Modern literary culture depended on the medium of the print book. Today, with the advent of digital technologies, it is far from apparent that print is, or should be, the vehicle of choice for contemporary writers. Print has been placed in relief, as the book becomes a site of experimentation with new platforms for writing. Among Latin American countries, none has been as crucial player in the world of print as Argentina. Argentine presses were the channel for many of the great modern literary experiments in Latin America. As such, it comes as no surprise that today, when those same presses have been gobbled up by transnational media conglomerates and digital technologies abound, Argentine writers would be attentive to the shifting media of literature. Late Book Culture in Argentina chronicles that shift. Epplin offers readings of some of the most innovative Argentine writers and collective projects of recent years: Osvaldo Lamborghini, César Aira, the cardboard publishing house Eloísa Cartonera, the poetry project Estación Pringles, Sergio Chejfec, and Pablo Katchadjian. This corpus provides a lens through which to understand the numerous experiments with literary formats in Argentina today. These experiments take on a number of forms-digital, artisanal, and collective-and they provide the ferment for some of Argentina's most audacious contemporary literature. As such they deserve critical attention and theoretical examination.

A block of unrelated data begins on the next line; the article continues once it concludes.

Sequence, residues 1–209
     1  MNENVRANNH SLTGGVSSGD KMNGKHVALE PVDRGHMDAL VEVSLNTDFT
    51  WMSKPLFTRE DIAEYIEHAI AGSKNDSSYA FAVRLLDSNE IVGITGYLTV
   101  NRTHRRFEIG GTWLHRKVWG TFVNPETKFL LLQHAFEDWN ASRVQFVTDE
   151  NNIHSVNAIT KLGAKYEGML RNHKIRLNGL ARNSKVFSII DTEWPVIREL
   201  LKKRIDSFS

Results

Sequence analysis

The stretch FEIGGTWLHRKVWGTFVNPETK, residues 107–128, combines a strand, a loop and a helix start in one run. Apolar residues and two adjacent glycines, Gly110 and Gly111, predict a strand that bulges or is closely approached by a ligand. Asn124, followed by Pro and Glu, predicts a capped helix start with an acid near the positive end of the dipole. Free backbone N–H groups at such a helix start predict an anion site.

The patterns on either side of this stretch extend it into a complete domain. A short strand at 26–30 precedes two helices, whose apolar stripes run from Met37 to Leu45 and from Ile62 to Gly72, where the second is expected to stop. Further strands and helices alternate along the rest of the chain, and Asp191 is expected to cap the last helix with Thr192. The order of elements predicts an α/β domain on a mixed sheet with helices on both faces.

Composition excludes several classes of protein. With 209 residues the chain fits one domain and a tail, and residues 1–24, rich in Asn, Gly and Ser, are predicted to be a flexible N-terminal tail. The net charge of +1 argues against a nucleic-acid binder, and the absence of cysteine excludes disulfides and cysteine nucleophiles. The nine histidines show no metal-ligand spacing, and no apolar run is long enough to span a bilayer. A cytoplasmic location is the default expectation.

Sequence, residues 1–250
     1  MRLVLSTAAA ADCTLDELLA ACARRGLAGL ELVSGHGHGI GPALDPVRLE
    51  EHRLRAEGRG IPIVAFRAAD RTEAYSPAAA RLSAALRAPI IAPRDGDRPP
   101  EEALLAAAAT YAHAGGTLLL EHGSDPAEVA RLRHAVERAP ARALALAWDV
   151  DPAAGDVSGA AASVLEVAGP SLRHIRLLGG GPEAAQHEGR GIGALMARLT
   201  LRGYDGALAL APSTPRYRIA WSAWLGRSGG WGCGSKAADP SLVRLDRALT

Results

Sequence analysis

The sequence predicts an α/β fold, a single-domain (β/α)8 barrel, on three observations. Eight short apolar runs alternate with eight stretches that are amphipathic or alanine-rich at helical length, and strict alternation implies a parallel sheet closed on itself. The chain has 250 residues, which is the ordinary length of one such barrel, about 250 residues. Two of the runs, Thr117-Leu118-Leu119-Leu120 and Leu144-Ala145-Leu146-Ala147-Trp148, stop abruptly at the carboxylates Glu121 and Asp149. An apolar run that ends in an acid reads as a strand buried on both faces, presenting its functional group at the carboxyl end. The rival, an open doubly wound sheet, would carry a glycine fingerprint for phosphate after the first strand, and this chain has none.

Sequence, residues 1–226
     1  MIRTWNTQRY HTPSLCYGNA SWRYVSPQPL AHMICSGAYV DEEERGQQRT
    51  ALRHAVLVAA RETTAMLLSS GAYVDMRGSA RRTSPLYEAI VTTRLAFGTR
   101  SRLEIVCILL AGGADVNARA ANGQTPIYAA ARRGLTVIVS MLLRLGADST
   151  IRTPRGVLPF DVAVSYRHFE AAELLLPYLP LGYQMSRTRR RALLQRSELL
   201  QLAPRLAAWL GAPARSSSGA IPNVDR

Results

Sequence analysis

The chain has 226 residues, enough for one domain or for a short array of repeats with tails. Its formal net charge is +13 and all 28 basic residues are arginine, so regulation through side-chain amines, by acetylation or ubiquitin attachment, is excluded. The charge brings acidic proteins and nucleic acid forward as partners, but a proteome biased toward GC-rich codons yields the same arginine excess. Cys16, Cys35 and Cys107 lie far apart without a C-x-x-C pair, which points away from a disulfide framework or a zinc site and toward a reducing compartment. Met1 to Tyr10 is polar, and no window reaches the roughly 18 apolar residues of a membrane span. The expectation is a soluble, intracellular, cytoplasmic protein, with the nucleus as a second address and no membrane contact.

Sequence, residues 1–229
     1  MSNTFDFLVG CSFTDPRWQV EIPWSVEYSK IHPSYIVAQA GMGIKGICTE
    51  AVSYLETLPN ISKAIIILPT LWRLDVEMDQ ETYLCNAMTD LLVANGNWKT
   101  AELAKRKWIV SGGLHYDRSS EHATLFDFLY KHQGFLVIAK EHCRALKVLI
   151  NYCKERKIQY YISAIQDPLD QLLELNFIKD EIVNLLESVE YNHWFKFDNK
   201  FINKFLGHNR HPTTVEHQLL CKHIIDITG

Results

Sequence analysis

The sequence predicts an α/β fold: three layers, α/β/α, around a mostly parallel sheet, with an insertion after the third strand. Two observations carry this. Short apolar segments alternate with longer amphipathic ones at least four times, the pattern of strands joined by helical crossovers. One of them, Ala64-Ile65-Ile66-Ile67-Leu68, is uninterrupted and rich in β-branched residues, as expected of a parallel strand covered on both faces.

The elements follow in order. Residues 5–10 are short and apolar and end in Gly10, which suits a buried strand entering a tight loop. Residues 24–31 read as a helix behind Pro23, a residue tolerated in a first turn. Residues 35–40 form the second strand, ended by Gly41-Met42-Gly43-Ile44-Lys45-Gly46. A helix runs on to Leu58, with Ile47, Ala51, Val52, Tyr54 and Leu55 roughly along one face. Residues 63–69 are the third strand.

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About the Author
Craig Epplin is Assistant Professor of Spanish at Portland State University, USA. He has published articles on Latin American literature, film, and media culture.
Table of ContentsAcknowledgments
Chapter 1: First Publish, Then Write
Chapter 2: Flight Forward
Chapter 3: Cardboard and Cumbia
Chapter 4: The Book as Performance
Chapter 5: The Book as Manuscript
Chapter 6: The Book as Database